In the 1800’s, the pasta al pesto was considered to be a working class dish and nowadays the recipe of that time has remained substantially the same. There was and there is still in Liguria the habit of adding potatoes, broad beans or French beans, and sometimes zucchini cut into small pieces and boiled together with the pasta. Especially in Genoa, potatoes and French beans are added to classic or improved (avvantaggiate) trenette, that is, ones made out of whole wheat flour, or to trofiette. Rules are not always fixed. For some, “avvantaggiate” are trenette to which vegetables have been added and there is, furthermore, a purist school that categorically excludes potatoes from trofie. In general it is said that in Liguria it’s difficult to find two equal versions of pesto, because of the variations, sometimes within the same family, such as the addition of walnuts, ricotta or other cheeses. This has happened with various typical Italian dishes, many of which have ‘terminated’ their evolution only within the most recent decades. In Italian cooking, the variations of a dish not only represent the wealth of diversity, but also an indirect legitimisation of its generally accepted version.
It’s very possible that, as Giuseppe Gavotti wrote in 1973 in his Cucina e vini di Liguria, the original pesto was ‘uncouth’, that is, it contained a lot of garlic. In 1965, even the great gastronomist Massimo Alberini, in his I Liguri a Tavola. Itinerario gastronomico da Nizza a Lerici (The Ligurians at the table, a Gastronomic Itinerary from Nice to Lerici) made a similar commentary, letting us understand that the pesto recipes of the 1800’s were somewhat stingy with the basil, using only a couple of leaves, and abounding in garlic, using three or four cloves of it. Certainly the Arab-Persian taste, which dominated the sauces of Genoa from the Middle Ages until the 1800’s, had a lot to do with this. As well as the predilection for and the ‘need’ of garlic by the Ligurian seafarers, who considered it as almost medicinal. Invariably, today’s Pesto is far more lady-and-gentleman-like and balanced, with a far more noticeable presence of basil, preferably Ligurian basil and ideally basil from the Genoese hills of Pra, with a long, thin leaf.
PDO ingredients. When possible
In the same text, Alberini underlined the role of the olive oil in the recipe; it should neither be too fruity nor too bitter. The Ligurian extravirgin olive oils are ideal. Just as Genoese basil, the exrtavirgin olive oil of the Riviera Ligure has obtained the D.O.P. granted by the European Union in recognition of its quality and typicality. Furthermore, for a pesto that does honour to the territory of origin are to be used: a) the garlic of Vessalico, in the Province of Imperia, of delicate flavour and particular digestibility, b) Italian pine nuts and c) the coarse salt of the Cervia salt flats. It’s obvious that outside Italy it’s not always possible to find all these autochthonous ingredients. The production of Italian pine nuts, for example, has noticeably dropped in recent years due to the Pine Processionary, a parasitic devastation for the pine nut pine. Therefore, in order to prepare an authentic pesto, the minimum necessary requirement is to have quality ingredients and to follow the original recipe.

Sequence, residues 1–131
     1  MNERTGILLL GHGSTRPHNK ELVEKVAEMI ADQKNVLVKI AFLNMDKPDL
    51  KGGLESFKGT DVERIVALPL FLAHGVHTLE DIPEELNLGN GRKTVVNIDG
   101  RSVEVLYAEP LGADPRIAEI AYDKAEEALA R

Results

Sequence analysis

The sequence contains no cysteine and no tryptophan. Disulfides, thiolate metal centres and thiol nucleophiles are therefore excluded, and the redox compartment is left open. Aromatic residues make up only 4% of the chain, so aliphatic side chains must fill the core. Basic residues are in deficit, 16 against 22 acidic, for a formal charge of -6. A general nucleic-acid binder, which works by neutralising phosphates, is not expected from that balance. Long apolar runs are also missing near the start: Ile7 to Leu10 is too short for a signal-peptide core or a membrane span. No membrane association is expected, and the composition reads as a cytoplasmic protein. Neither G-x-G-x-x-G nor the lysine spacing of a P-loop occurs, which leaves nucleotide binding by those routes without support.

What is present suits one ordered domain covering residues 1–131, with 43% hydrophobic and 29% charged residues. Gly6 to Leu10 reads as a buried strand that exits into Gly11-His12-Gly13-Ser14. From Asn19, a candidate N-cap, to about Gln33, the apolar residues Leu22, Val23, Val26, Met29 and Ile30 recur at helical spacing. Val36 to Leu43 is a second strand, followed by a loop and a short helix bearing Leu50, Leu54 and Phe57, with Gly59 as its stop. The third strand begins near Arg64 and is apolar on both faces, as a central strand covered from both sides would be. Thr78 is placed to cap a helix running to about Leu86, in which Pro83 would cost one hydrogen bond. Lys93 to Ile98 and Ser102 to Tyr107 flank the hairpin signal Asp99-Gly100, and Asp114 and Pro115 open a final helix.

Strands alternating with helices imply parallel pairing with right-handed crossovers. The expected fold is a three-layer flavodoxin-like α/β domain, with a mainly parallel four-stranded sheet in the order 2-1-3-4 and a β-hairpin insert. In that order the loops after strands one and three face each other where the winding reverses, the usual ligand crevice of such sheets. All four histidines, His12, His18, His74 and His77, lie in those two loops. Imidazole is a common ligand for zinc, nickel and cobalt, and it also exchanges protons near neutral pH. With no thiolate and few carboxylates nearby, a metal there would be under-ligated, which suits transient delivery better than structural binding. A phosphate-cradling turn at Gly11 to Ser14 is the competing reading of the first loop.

It’s easier to find Grana Padano and Parmigiano Reggiano cheeses on the international market, and especially advisable are those that are good and mature. It’s relatively easy to find pecorini, ewe cheeses, from Romano cheese that is judged by some to be a little aggressive to Fiore Sardo cheese, ideal when seasoned six months.
Consorzio del Pesto Genovese and Pesto Championship
The Genoese Pesto Consortium has been formed by the Region of Liguria and associations of producers. Its mission, as its president, Andrea Della Gatta, chef and owner of Trattoria Andrea un Genoa, explains is “to safeguard the traditional recipe for pesto, along with all its quality ingredients and first and foremost, obviously to use Liguria basil.” The Consortium has presented a request for the recognition of quality STG (Specialità Tradizionale Garantita, Guaranteed Traditional Speciality) for pesto. The Genoese Associazione Palatifini, led by Sergio and Sara di Paolo and by Roberto Panizza, organises the World Championship of Mortar-made Genoese Pesto every two years in Genoa, to confirm its Ligurian imprint and its universality as a foodstuff of quality and taste. The Palatifini initiative deserves particular praise because the mortar and pestle, both at domestic as well as professional level, have given way to the processor. From the gastronomic point of view, as pointed out by the chef Enrico Tournier: “When we prepare pesto alla genovese with the classic mortar and pestle, we subject the instrument to the product while respecting the right proportions of the ingredients because we are the ones to decide the proportions of the doses. While when using a mixer, in order to succeed in cutting the basil we have to add more oil than otherwise necessary, thus altering the doses and in such manner we subject the product to the instrument.”
Genoese Pesto in the world
Pesto has reached great popularity in the world, also thanks to the crews of the mercantile ships and the passengers that set sail from the Port of Genoa to most diverse of destinations. Pesto found itself at home in La Boca, the ‘Genoese’ district of Buenos Aires, and started to spread out in the main ports of the USA Immediately after the Second World War, some companies began exporting pesto in jars to the US. And at the same moment, the first recipes appeared in American newspapers. According to many sources, pesto reached its greatest popularity is the United States in the ‘80’s of the last century. At the beginning of the ‘90’s its popularity grew even more when Frank Sinatra started to commercialise a pesto sauce that carried his face on the label. Also its counterfeiting began, with the supermarkets invaded by approximate copies of the original. In the meantime, pesto became to be really successful in the Italian restaurants around the world. A new breed of Italians, Ligurians chefs and restaurateur placed it on the menus and made the dish according to the original recipe. Zeffirino was, without a doubt, the pioneer of this generation. These days pasta, be it trenette, trofie, gnocchi or lasagne, with pesto is amongst the best known Italian dishes in the contempory world.